There’s an episode of Star Trek The Next Generation, in the 7th season, where the Enterprise finds Worf’s human step-brother living among a primitive race – a primitive race that is facing the death and destruction of their planet. In a violation of the Prime Directive, Worf’s brother Nikolai, beams the people of Boraal II, to the holodeck. Captain Picard and crew quickly discover the plot as the simulation causes massive drain on the ship’s power. Worf is sent in to assist in a plan of deceiving the people on a great journey (they will do inside the holodeck) to a new home (ala planet) where they can live out the rest of their lives.
The debate of the Prime Directive and the actions of the characters can drive a million debates. Yet, I will focus on a smaller (and a much more personal) circumstance of the actions of Nikolai. During the long journey the people of Boraal II take, winding and climbing through tunnels and simulated terrain, the village chronicler Vorin, accidentally finds himself outside the holodeck. He is shocked to see the world of a the Enterprise’s hallways and crew. Doctor Crusher and Counselor Troi try to help him through his frightful discovery. Starships, planets, aliens and magical technology are not looked upon as optimistic ideologies of the future for him. He struggles with the anxiety of a changing world; his whole purpose was to record the history of his village. Vorin can’t accept the knowledge he has been granted. He feels trapped. Coming face-to-face with gods, and the destiny that all civilizations evolve will influence his appreciation of the old ways, the ways of his people. He can’t bare the weight of it all. Vorin commits suicide.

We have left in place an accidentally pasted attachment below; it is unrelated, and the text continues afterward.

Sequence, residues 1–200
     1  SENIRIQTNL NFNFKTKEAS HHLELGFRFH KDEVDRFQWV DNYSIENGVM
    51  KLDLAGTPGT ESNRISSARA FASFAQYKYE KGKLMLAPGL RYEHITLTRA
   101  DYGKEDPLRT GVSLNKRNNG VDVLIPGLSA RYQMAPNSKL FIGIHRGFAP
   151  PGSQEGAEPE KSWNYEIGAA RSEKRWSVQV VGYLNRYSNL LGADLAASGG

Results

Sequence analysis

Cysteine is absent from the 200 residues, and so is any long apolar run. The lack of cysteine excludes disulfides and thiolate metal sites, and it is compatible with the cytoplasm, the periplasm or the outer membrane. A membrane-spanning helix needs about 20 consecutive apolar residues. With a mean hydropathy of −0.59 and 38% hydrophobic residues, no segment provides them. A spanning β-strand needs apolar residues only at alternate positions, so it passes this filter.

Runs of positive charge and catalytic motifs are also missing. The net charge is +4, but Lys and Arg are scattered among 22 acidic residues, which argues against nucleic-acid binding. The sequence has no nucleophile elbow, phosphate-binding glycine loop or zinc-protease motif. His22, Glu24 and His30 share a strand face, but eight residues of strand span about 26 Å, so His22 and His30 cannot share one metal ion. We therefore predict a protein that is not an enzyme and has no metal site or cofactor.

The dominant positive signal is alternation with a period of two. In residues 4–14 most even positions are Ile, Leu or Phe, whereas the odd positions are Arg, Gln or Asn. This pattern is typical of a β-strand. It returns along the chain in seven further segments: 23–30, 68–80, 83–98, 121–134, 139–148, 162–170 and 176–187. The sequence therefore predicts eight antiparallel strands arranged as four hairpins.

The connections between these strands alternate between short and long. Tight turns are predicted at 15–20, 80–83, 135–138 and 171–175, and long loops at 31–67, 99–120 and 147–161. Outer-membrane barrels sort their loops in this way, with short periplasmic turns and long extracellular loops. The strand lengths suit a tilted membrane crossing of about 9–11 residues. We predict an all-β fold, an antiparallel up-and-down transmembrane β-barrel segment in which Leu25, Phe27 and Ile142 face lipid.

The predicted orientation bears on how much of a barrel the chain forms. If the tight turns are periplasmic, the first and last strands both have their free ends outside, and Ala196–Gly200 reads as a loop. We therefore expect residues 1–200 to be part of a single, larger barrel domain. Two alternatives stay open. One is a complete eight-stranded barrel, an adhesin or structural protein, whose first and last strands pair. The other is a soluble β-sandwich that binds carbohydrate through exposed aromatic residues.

When I was younger, I dreamed of discovering new technology of a futuristic race. I wanted to be The Last Starfighter. I wanted to be drawn up into the struggle of Battlestar Galactica. I wanted to have a super car like K.I.T.T. Star Trek brought optimism to my life. Everytime a new thing was invented: VCRs, Apple II computers, Space Shuttles, I couldn’t wait for the next better thing. Heck, I marveled at my first iPod and iPhone as a young adult. Now, I feel like we’re moving too fast. I’m not so excited for the future anymore. I feel like I haven’t had time to enjoy the things of today. Because tomorrow will mean I have to upgrade or be left behind.
I once scorned Vorin for how he dealt with the knowledge he was gifted. I was optimistic that the future would solve problems. The future would be a better place. This man rather die than return home to an uncertain future, a frightening awareness beyond his comprehension.
Today, I find sympathy with Vorin. I understand his plight. There are days I struggle with my own awareness of an uncertain future. Sometimes I don’t want to move forward. I spend my days wanting to move backwards – sentimentally looking back on my childhood, early adulthood. A desire to find security and peace. What is wrong with me? Why has my attitude changed in the latter half of my life? Am I the only one who feels this way? Am I alone? The thing that scares me the most is that Vorin’s solution isn’t so ridiculous anymore….
I guess all things change….whether I want (or like) it or not.